Which Kitsap businesses have bounced back?August 20th, 2014 by Tad Sooter
Retail sales in Kitsap County, and just about everywhere else, took a nose dive after 2007.
Now many businesses are bouncing back. Kitsap retailers are on pace to this year to match pre-recession sales volumes. Taxable sales in trades outside traditional retail are gradually rebuilding as well:
To find out which sectors are recovering, and which are still digging out of the recession, I used a recently-released taxable sales report for 2013 to see how industries faired locally last year compared with 2007. This is what I found:
E-commerce: While still a small industry in Kitsap (about 3 percent of all retail trade sales), e-commerce grew in bounds over the last seven years. Online sales more than doubled between 2007 and 2013.
Fuel stations: Just about everyone buys gas (and munchies from convenience stores). Sales at fuel stations and attached mini-marts grew 46 percent.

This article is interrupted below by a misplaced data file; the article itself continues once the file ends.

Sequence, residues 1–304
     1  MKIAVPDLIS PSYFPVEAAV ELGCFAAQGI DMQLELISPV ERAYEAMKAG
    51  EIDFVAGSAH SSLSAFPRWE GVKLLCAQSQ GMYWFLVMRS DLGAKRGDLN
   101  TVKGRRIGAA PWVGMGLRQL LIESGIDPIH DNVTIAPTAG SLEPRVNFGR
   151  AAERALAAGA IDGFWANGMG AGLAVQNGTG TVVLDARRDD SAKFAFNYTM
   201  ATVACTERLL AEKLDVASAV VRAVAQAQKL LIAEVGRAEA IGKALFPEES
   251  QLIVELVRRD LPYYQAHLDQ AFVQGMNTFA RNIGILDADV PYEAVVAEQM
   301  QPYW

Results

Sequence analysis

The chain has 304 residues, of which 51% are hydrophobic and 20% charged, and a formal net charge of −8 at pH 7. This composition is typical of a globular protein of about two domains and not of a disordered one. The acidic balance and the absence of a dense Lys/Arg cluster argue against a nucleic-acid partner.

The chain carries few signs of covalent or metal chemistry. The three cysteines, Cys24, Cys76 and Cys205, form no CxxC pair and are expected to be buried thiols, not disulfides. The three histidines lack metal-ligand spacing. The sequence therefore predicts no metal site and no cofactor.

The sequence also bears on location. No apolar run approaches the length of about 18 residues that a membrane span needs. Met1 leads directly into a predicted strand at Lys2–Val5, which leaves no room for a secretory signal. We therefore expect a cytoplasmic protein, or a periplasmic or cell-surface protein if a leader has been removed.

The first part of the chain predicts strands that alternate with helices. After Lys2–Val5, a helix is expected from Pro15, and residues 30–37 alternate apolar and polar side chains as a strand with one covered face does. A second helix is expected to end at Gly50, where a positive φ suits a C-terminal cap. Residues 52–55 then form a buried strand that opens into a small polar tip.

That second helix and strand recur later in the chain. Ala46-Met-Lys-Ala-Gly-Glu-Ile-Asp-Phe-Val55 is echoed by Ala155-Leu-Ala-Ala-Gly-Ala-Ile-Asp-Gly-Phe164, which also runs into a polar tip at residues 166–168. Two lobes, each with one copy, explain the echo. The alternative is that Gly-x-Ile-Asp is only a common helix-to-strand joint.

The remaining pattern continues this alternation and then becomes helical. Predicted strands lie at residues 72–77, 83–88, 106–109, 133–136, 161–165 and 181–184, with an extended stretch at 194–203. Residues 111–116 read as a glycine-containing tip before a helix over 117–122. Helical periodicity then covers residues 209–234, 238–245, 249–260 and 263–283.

Drug and health stores: There seems to be a pharmacy on every block these days, and they keep coming. Drug store sales were up 37 percent last year compared with 2007.
Vehicles and parts: Sales of new and used vehicles account for a big chunk (23 percent) of Kitsap retail. Business is starting to pick up for dealers, but overall sales were 8 percent lower in 2013 than in 2007.
Building materials: It’s no surprise sales of building materials are still down from 2007, given the precipitous decline in construction (see below) during the recession.
Health care (and management and education): This very awkward category shoehorns management firms and educational institutions in with health care providers of all types. Health care, at least, has seen rapid growth in recent years.
Restaurants and bars: Kitsap residents are still getting out on the town. Restaurants and watering holes made 18 percent more sales last year than in 2007. Arts, entertainment and recreation venues (think casinos, concerts and museums) are also doing well.
Wholesale: Sellers of bulk goods, from plumbing fixtures to booze, are doing more business now than before the recession.
Public administration: Governments also generate sales tax, but not so much lately. Taxable sales by public agencies were down 44 percent last year from 2007.
Construction: The construction industry bottomed out in 2011 and appears to be on a gradual upswing.
Source: Department of Revenue
Photo: Henery Do it Best Hardware employee Brian Kutzke pricing items at the new Wheaton Way store. MEEGAN REID / KITSAP SUN